Class and Caste in Jogjakarta

As a well-known religious leader once said, “the poor of the earth will always be with us.” Given the size of Jogja, it is not surprising that the disparities of class and even caste are more apparent than Bali. I may have heightened the likelihood of sudden encounters by inadvertently choosing a hotel located in the city center (more or less) that is adjacent to a large warren of houses, shacks, apartments, and compounds beside the “Kali Code” river. Walking beside the main four-lane road in front of the hotel and then turning into the side streets of these neighborhoods was like leaving the 21st century and entering the 19th. That probably sounds a bit exaggerated, but the lack of electricity, running water (in parts), wheeled transport, and predominance of marginally functional dwellings located in a ravine that surely floods on a regular basis all made me think that perhaps 60% of the world’s human population lives in places like this.


My first walk into a neighborhood far outside my psychological comfort zone was on a sunny Friday morning, the hour before prayers at local mosques. For much of the time, loudspeakers transmitted pre-recorded male voices chanting parts of the Qu’ran, some of which was quite splendid to hear. The elegance of the chanting was in sharp contrast with the simple, even rudimentary structures that people called home. In walking down little alleys and lanes, I could look into houses and rooms and see mattresses on the floor, clothes scattered around, a radio or tv (always with static on the screen) turned to low volume, and sometimes people sleeping or simply lounging about in the darkness. I can’t remember seeing any interiors with lights on, but perhaps the darkness at mid-day was normal. Most of the dwellings were quite close to the brown water of the fast-moving river, which served as garbage disposal, a place to bathe, a fishing spot, a laundromat, and place to play.

A photo I did not take but which is engraved in my mind is of a pretty young woman, a sarong wrapped around her midriff, squatting by an eddy in the river (staying close to the concrete wall that protects the foundations of houses), scrubbing her body w/ great vigor and lots of soapy foam. She could have been 14 or 34, and I honored her privacy by not slowing down to gaze in admiration.

But what should I admire about a poor woman having no place to wash herself except in the filthy waters of a city’s river? According to my host at Sanata Dharma university, improving the infrastructure for these neighborhoods is regularly part of the promises made by aspiring politicians. And yet nothing gets done and the inhabitants votes are are frequently encouraged by small payoffs.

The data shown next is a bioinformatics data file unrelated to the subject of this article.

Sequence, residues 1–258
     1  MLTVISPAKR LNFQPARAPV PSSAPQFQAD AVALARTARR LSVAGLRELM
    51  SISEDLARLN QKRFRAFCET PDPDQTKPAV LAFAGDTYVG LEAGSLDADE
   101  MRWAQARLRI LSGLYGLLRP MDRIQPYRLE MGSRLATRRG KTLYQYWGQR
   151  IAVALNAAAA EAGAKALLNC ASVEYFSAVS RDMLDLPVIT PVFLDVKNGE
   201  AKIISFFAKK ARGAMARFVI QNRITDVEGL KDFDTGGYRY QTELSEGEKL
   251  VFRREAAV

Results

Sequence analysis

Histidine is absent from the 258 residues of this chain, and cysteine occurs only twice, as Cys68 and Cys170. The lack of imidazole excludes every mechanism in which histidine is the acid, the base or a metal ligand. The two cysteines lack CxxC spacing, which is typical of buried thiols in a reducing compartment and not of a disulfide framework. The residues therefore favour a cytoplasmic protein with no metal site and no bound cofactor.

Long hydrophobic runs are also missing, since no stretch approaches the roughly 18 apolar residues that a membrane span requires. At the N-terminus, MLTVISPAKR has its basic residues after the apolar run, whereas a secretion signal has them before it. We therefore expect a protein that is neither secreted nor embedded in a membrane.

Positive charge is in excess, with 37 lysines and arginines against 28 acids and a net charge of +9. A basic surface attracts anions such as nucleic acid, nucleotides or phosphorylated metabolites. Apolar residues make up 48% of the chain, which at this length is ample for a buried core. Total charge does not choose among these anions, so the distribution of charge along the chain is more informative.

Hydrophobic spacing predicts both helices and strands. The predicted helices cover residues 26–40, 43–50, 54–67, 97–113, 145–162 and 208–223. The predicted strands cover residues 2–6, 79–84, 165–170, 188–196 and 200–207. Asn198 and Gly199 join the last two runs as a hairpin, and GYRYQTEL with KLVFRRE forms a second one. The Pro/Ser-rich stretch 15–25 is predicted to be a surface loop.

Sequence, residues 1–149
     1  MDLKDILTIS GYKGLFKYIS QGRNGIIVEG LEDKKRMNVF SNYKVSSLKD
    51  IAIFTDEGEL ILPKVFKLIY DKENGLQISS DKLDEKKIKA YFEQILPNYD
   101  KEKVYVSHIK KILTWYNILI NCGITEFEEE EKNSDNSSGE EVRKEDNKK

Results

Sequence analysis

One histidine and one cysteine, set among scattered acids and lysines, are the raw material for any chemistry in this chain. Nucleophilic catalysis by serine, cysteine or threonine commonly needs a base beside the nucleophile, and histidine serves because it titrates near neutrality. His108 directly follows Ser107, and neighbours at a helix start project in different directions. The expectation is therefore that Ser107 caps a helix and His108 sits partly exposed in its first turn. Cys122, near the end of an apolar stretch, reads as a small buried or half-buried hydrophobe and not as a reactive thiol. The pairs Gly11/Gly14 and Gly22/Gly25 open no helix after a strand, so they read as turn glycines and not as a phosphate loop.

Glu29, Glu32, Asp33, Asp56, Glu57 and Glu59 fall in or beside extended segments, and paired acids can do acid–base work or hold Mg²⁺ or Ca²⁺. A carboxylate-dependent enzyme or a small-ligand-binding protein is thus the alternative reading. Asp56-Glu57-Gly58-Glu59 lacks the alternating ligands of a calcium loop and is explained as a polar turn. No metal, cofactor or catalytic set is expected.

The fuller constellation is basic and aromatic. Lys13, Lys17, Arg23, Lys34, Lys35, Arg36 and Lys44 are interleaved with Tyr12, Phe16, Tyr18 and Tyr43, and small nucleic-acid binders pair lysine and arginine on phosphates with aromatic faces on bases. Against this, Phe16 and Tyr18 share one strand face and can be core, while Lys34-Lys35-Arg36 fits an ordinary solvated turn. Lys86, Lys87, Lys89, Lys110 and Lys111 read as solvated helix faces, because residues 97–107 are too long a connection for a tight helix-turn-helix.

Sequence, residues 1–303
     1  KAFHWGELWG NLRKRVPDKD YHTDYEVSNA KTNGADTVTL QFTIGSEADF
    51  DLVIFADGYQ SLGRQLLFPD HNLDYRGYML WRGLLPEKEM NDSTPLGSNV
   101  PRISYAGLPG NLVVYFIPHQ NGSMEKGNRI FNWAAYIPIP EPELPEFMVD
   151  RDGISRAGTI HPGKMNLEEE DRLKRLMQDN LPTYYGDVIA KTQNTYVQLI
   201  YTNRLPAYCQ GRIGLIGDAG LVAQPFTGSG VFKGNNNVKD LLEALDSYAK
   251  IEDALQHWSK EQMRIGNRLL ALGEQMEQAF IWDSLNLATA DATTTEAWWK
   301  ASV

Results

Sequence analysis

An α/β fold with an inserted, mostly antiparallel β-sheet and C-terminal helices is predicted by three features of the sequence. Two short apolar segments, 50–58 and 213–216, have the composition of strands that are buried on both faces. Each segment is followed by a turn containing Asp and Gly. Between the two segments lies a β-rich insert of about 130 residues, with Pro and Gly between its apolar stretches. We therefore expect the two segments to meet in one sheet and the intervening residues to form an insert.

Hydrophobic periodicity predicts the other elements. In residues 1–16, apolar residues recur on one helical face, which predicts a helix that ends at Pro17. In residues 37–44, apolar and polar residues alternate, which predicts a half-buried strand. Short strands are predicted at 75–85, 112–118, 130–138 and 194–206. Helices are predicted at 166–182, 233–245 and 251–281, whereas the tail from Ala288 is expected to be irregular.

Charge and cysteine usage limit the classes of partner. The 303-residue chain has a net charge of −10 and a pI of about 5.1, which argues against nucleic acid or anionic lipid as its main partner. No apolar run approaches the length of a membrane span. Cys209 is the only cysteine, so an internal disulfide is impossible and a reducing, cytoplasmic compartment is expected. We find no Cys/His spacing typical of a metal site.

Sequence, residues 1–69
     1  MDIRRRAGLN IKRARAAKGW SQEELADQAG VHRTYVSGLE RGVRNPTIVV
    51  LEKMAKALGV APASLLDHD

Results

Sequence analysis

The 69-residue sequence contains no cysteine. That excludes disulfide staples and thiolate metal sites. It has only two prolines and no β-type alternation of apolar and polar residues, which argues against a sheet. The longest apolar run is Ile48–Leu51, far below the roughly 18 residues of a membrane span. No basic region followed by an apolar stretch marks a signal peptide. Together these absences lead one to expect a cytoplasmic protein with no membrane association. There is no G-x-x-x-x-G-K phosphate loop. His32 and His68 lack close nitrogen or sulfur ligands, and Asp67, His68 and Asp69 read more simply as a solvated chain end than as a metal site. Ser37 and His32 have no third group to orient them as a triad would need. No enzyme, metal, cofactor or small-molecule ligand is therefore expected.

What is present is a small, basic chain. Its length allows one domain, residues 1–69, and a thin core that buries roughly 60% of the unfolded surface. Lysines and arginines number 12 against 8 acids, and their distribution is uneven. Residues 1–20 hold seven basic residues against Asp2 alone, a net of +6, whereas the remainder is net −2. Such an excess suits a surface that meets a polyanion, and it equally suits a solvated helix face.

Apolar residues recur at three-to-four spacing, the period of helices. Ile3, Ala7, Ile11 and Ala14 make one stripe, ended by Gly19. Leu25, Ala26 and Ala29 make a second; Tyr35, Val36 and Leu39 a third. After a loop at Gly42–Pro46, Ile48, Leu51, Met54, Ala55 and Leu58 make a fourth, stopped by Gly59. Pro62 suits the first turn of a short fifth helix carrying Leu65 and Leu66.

Two areas in particular stood out. At the northern boundary of the riverside community, marked by a road and a bridge, I turned up the hill to follow signs to a mosque. The further I walked into this community, the clearer it became that the houses were larger, the infrastructure better, the streets and alleys much cleaner, and, to further enhance its distinctness, many homes and walls were painted in bright colors. Some even had murals on them, dispatching some kind of civic message that was aimed to improve or safeguard the lives of local people.


On the main road in, which could accommodate a single car (barely), the wall was decorated with large claayy  heads that held plants. Each of these was unique and expressively humorous in some way. Even the entrance to this neighborhood had a colorful gateway and little flags that reminded me of Tibetan prayer flags. Number 7, Jetisharo, beside the yellow bridge







At the other end some 1.5 kilometers south, the neighborhoods there run into a couple roads and a trestle for train tracks heading out of town to the east. A local artist has used the concrete foundations for the trestle as a huge canvas to critique capitalism. A picture says it all, but whether local people find some solidarity with these images remains to be seen.





They reference global financial flows and institutions, which seems somewhat removed from the struggle facing these communities by the river. Perhaps here we could find rooms in which the pedicab bechak drivers sleep, or the women at the grungy neighborhood market, or the parking attendants who spend their days by noisy, exhaust-fume’d streets, or kitchen help for small warung restaurants, or simply families with few financial resources, limited education, and too many kids.


And yes I’m keenly aware that after seeing and sweating my way through these neighborhoods, I have the luxury of returning to my hotel for a swim if I so choose. Some people would have me feel guilty about being a tourist in a developing country. I’d rather pay homage to the struggle of the economically-marginal neighborhoods where somehow, life goes on and no doubt there is laughter and love and pride and hope that tomorrow will be better than today…all the elements that make life worth living.


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